With the Pre-School Learning Alliance warning that most of its children’s centres are incurring unsustainable losses, Mark Hunter examines whether Sure Start has veered too far from the government’s original ideals
For the past five years learning and play charity Clowns has been engaging with difficult-to-reach families in rural West Somerset. But now, the future of the services it runs on behalf of Sure Start isunder threat as the charity faces up to a halving of its £60,000 a year grant. At risk is the outreach van and playbus that travel to isolated families who cannot or do not attend the area’s four main Sure Start centres. Indeed, Clowns targets the very families that Sure Start has been criticised for failing to engage.
The mobile services that face the axe include health visitor clinics, individual family support, speech and language therapy, a toy library and “tumbling tot” sessions. It is a familiar pattern throughout England as the government rolls out its Sure Start children’s centres. The original flagship service – centrally funded and focusing on the most deprived communities – is gradually being supplanted. Instead, local authorities have been given strategic responsibility to deliver children’s centres that will cover the entire country by 2010.
More than 1,000 children’s centres have opened, serving at least 800,000 children. Most Sure Start centres will be developed from the original settings and other existing providers, such as maintained nursery schools, primary schools and other local early years provision, including voluntary and private settings.
Although Sure Start has dramatically extended its reach, its funding per child has plummeted – from £2,500 in 1999 to just £250 today. Local authorities are expected to make up the shortfall by forming partnerships with other statutory agencies and the voluntary sector. Inevitably, there are concerns that the service is being spread too thinly and that high-quality projects, particularly those involving outreach services such as Clowns, will fall by the wayside.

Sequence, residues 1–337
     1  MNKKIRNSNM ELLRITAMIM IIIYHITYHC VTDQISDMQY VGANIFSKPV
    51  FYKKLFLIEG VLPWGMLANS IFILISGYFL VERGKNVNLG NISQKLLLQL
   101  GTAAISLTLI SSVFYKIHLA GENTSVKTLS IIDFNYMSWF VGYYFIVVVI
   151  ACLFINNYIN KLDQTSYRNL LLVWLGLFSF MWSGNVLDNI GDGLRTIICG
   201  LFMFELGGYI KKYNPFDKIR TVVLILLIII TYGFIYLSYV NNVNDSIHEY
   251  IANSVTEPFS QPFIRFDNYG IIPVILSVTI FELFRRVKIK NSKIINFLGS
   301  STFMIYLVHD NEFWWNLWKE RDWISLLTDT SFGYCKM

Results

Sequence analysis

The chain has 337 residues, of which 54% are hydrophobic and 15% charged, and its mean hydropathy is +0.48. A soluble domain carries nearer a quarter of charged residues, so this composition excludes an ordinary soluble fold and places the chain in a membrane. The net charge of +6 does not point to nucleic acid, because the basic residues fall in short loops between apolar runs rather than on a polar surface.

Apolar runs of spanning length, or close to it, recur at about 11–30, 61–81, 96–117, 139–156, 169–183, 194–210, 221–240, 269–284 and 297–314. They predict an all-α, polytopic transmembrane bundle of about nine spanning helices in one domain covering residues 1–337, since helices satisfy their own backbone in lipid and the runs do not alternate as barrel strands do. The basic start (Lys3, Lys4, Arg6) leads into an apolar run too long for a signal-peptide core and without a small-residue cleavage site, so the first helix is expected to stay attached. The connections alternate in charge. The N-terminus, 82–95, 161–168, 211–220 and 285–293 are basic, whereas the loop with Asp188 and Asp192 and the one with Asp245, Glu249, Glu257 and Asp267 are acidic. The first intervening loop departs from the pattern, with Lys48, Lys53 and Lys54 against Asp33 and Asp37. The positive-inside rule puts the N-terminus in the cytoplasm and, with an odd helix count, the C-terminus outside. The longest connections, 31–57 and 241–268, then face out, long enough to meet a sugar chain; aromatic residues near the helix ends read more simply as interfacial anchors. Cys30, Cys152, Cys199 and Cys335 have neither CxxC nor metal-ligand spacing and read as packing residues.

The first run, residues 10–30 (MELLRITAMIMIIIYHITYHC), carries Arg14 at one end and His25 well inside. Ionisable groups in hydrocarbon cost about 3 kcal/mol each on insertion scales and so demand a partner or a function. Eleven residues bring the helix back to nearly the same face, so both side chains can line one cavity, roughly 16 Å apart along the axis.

“The government has been good at setting up these things, but they’ve not had the foresight to keep them going,” says Clowns project co-ordinator Kathy Morton. “I’ve nothing against children’s centres. But I’m worried that the money to run them just isn’t going to be there. In our case, losing our funding will really affect what we do. We’ve had to stop the speech and language therapy and the health visitor is going to have to cut her hours. It’s a great shame because we’ve got the statistics to show that people really need this service.”
Morton’s fears have been echoed at a national level, not least by the pioneer of Sure Start himself. Norman Glass, who chaired the Treasury working group that proposed the original Sure Start in 1998, has lambasted the children’s centre programme for its “Scandinavian ambitions and British funding levels”. He also criticised the loss of autonomy as Sure Start programmes came under local authority control.
Community ownership of Sure Start, whereby local parents and centre staff sit on management boards, was a founding principle of the scheme to ensure that its services were never seen as intrusive. Many doubt whether this local involvement will survive under council control. Sue Dunstall, local government adviser at the NSPCC, says: “The guiding principles of Sure Start, that it should be communityled and that statutory agencies should take a back-seat role, are being compromised.
“Children’s centres are making use of the Sure Start brand but they are being managed in an entirely different way.” Dunstall points out that this loss of community involvement could further distance Sure Start from the most vulnerable families who need its services the most. Last November the national evaluation of Sure Start reported that many projects were failing to engage with these most disadvantaged families. In response, children’s minister Beverley Hughes announced that every Sure Start children’s centre would be required to run a home visiting and outreach programme for parents of all new babies and evaluate the service they provide to the most disadvantaged groups.